34 Solution? Carmichael et al.: “Girl power”




38 Advantage: really long-term

39 Political & civil rights UNDP tried in 1991-2 Lots of criticism –Undemocratic countries did not like it –Humana/The economist’s index insufficient, too subjective, biased

40 Political & civil rights NameAuthorsPeriod coveredMeasures Polity IVMarshall & Jaggers, 20051800–2004 Open, competitive political participation VanhanenVanhanen, 20001810–1998 Voter turnout, political competition Freedom in the WorldFreedom House, 20111972–Political rights, civil rights Political Terror ScaleGibney et al., 20101976– State terror against subjects, focus on physical integrity Poe & Tate, 19991976–1993 Government repression of human rights to personal integrity CIRICingranelli & Richards, 20101981– Physical integrity, civil rights and liberties, workers’ rights, women’s rights. World Handbook of Political and Social Indicators Taylor & Jodice, 19831973–1979Political rights, civil rights Alvarez et al., 19961950-1990 Political regime changeGasiorowski, 1996Independence(1747)-1992Democracy/authoritarian Bollen1972-1988Composite CAMCoppedge et al., 2008Contestation + inclusiveness

41 Trends in political freedom: Polity and Vanhanen compared

42 Political & civil rights


44 Goalposts for new variables Translate to 0-1 scale Polity IV: minimum and maximum exists throughout, e.g. present-day Saudi-Arabia, Australia SMAM: 12.5 (India, 1925) and 33.66 (Saint Lucia, 1991)

45 Component indices, income

46 Component indices, health

47 Component indices, education

48 Component indices, political

49 Component indices, gender eq.

50 Resulting HDI





55 HDI over time


57 Adding variables Simple addition to HDI aggregation, so:

58 Adding political freedoms

59 Adding gender equity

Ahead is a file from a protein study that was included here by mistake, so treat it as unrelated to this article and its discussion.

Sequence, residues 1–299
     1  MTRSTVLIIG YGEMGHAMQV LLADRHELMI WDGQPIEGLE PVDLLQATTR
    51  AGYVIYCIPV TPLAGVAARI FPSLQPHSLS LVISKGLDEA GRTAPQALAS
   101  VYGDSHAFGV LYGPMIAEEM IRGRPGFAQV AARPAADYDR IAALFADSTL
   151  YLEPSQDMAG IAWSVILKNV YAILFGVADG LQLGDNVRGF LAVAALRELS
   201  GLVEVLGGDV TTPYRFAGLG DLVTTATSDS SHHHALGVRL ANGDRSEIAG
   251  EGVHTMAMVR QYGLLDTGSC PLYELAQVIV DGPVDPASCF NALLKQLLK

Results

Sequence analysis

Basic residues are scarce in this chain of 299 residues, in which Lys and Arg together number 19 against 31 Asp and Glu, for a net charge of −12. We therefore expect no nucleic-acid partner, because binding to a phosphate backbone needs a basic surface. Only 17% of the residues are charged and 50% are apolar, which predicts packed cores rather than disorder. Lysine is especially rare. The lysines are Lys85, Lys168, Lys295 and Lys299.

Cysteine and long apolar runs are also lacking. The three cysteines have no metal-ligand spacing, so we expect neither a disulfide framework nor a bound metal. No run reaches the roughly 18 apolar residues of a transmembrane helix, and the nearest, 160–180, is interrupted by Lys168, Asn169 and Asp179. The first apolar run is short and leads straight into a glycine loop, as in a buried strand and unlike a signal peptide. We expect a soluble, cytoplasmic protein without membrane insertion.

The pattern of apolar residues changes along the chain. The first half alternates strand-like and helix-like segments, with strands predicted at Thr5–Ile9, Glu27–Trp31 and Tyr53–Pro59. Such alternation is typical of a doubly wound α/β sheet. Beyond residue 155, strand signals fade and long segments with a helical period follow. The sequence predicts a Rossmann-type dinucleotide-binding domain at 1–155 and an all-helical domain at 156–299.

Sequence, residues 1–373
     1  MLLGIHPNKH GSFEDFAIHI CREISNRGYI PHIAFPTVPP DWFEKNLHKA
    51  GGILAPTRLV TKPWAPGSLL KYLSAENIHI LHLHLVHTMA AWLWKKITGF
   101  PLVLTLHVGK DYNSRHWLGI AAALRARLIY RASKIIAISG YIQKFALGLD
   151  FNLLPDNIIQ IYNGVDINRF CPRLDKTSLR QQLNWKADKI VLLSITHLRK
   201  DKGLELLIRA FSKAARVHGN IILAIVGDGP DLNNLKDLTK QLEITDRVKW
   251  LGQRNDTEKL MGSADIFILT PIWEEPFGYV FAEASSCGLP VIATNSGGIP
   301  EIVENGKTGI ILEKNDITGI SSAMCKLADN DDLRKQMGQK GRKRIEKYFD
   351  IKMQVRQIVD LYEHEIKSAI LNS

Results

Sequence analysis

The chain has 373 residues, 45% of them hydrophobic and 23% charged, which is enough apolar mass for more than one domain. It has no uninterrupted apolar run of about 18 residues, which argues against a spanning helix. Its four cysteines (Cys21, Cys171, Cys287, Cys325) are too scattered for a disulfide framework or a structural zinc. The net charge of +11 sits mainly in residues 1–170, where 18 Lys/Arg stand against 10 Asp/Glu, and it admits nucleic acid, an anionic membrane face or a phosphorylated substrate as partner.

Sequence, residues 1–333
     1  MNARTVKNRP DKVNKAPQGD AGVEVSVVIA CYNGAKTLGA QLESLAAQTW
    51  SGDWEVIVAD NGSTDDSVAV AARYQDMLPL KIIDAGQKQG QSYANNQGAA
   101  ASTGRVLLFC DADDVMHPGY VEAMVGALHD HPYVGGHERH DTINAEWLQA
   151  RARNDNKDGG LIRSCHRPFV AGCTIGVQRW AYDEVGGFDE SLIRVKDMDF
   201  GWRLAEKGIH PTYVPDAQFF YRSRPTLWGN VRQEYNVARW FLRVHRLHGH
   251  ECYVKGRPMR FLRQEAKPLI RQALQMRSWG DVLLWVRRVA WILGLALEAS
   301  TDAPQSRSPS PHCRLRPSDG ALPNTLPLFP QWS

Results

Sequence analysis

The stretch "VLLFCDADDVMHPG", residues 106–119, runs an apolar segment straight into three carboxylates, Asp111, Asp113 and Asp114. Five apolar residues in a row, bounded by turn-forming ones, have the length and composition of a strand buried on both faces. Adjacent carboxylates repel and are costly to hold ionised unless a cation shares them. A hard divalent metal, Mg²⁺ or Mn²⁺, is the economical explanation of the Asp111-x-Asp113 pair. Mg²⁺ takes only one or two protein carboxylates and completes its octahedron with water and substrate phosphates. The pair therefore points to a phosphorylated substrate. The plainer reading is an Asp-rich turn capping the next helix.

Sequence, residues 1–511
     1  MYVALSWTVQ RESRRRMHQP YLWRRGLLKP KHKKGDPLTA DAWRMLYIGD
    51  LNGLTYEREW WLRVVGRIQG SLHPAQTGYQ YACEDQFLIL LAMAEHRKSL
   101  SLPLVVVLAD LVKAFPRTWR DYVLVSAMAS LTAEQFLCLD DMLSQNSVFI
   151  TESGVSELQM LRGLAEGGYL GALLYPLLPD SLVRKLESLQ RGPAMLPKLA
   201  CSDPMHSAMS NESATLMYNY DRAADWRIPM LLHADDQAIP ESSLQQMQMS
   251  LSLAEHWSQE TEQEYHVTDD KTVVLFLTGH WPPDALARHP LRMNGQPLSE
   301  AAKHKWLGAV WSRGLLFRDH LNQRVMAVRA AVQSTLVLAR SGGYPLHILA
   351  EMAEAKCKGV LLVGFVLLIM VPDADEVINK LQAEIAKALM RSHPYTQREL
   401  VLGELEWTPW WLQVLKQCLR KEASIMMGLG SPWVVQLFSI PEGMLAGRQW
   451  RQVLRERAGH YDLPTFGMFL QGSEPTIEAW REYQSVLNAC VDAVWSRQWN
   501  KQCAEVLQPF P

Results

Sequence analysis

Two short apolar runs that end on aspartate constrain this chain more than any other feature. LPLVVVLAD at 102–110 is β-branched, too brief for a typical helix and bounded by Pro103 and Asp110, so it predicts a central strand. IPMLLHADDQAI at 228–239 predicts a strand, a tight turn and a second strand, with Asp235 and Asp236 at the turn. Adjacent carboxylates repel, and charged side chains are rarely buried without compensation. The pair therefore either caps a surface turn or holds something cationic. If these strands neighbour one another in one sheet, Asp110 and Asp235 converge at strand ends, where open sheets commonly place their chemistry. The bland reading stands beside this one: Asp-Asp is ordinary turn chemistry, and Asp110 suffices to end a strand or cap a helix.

60 Adding both


62 Conclusions Gender equity makes surprisingly little difference Political freedoms matter greatly in long term quality of life, esp. MENA, E. Asia, E. Europe + (former) SU No more steady improvement, but strong divergence followed by convergence Caveats: data, goalposts, aggregations rules

63 Integration 5 indices Same weights? Weights derived from principal components analysis? Empirical studies ‘substitution’ between sub- indices? Website where each visitor can decide his/her own weights (OECD Better Life) Theoretical inspiration: Sen (‘freedom’; agency)

64 In the footsteps of Angus Maddison It is possible to measure long term economic, social and political changes in the world economy 1500-2010 (with, obviously, large gaps and big margins of error) Standardization, peer review, data exchange are keys – within collabs Clio Infra also tries to address Well Being debate – multidimensional measures of ‘development’

65 Will this result in paradigm shift like in the 1930s-1950s? 1930s-1950s: coming together of new theories (Keynes), statistical techniques (national accounting) and demand for policy advice (understanding 1930s, fostering growth) Such a combination is arguably not (yet) present at the moment